Lopez (16-0) added the three titles held by Lomachenko (15-2) to the belt he won last year to become the undisputed 135 champion.
Lopez was favored 119-109, 117-111 and 116-112 on the ring scorecards in a fight held without fans at the MGM Grand Conference Center. The Associated Press had Lopez winning 117-111.
Lopez turned out to be faster and stronger than 32-year-old Lomachenko, who won two Olympic gold medals as an amateur and was considered one of the best pound-for-pound fighters as a pro. Surprisingly, he was also the best boxer and proved that he can close the show by bloodying Lomachenko’s eye in the 12th round.
“I had to dig deep, man,” Lopez said. “I’m a fighter, I have to dig deep.”
Lomachenko, usually a slow starter, was too slow this time around as he gave early laps as he tried to figure out Lopez’s style. By the time the fight got competitive in the eighth round, he was too far behind to return.
“He was laid off for 14 months,” Lopez said. “I knew it would take a long time for him to catch up.
Lomachenko, who has lost just once in nearly 400 amateur fights and had only one loss as a pro, thought he was doing better than the scorecards shown.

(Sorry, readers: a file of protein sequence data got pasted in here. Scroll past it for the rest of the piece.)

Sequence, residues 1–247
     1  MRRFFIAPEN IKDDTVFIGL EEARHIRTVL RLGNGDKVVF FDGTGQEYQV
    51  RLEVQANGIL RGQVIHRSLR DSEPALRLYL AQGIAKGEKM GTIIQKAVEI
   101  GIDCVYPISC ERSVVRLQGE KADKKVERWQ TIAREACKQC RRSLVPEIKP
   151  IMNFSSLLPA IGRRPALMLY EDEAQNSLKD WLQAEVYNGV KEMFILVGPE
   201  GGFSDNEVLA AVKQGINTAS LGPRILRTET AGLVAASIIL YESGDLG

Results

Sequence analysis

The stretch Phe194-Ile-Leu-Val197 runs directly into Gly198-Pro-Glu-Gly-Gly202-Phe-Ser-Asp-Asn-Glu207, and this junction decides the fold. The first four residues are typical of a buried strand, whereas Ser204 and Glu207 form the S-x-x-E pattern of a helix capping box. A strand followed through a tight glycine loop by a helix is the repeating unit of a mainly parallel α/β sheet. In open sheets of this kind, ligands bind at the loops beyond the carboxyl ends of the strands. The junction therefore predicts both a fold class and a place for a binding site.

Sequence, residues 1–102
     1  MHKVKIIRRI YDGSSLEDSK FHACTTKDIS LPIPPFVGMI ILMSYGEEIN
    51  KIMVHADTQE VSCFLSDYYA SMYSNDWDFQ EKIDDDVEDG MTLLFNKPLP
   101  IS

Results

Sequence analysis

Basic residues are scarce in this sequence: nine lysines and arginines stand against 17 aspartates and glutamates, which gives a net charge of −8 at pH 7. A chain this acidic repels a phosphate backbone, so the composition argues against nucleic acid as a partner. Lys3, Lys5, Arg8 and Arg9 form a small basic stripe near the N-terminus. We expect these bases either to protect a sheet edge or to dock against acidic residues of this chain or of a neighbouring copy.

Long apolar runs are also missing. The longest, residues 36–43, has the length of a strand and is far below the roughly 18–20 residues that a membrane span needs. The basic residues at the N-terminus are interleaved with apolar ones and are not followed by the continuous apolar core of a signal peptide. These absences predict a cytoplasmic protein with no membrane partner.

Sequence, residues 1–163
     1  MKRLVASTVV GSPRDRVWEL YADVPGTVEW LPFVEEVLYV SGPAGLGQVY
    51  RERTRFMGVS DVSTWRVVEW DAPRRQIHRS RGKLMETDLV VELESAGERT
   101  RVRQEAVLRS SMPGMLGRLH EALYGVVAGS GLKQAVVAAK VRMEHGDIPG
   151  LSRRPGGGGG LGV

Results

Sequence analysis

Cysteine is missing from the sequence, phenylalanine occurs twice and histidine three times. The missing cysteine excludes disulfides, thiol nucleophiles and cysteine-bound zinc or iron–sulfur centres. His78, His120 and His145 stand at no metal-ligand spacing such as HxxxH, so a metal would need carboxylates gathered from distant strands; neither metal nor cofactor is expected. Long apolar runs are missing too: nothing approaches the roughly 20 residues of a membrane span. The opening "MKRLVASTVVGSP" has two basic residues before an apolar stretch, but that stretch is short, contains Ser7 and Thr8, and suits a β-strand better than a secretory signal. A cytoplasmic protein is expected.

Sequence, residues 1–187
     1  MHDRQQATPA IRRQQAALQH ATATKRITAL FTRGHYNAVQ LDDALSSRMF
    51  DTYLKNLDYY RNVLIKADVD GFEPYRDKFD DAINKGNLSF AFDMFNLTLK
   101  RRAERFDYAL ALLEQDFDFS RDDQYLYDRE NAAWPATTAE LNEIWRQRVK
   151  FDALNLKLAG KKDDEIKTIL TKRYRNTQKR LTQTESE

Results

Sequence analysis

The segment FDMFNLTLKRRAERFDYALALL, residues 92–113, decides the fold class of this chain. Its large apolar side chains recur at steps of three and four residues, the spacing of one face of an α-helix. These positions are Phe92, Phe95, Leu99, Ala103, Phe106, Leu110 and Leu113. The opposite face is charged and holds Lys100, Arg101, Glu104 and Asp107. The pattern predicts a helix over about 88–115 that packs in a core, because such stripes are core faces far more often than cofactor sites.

“I certainly don’t agree with the scorecards,” he said.
The fight was the biggest since the start of the pandemic and would have been a pay-per-view event under normal circumstances. But without fans, it was televised on ESPN, giving boxing a bigger showcase than it otherwise would have been.
Lopez was told by his dad in the corner before lap 12 that he was in the lead and was not risking anything. But he came out strong and beat Lomachenko with a punch.
“I didn’t know if they had it on the scorecards or not,” Lopez said.
Lopez became the youngest fighter to become a four-belt champion in just his second title fight. He had sought the fight against Lomachenko, angering the Ukrainian with his brash tactics.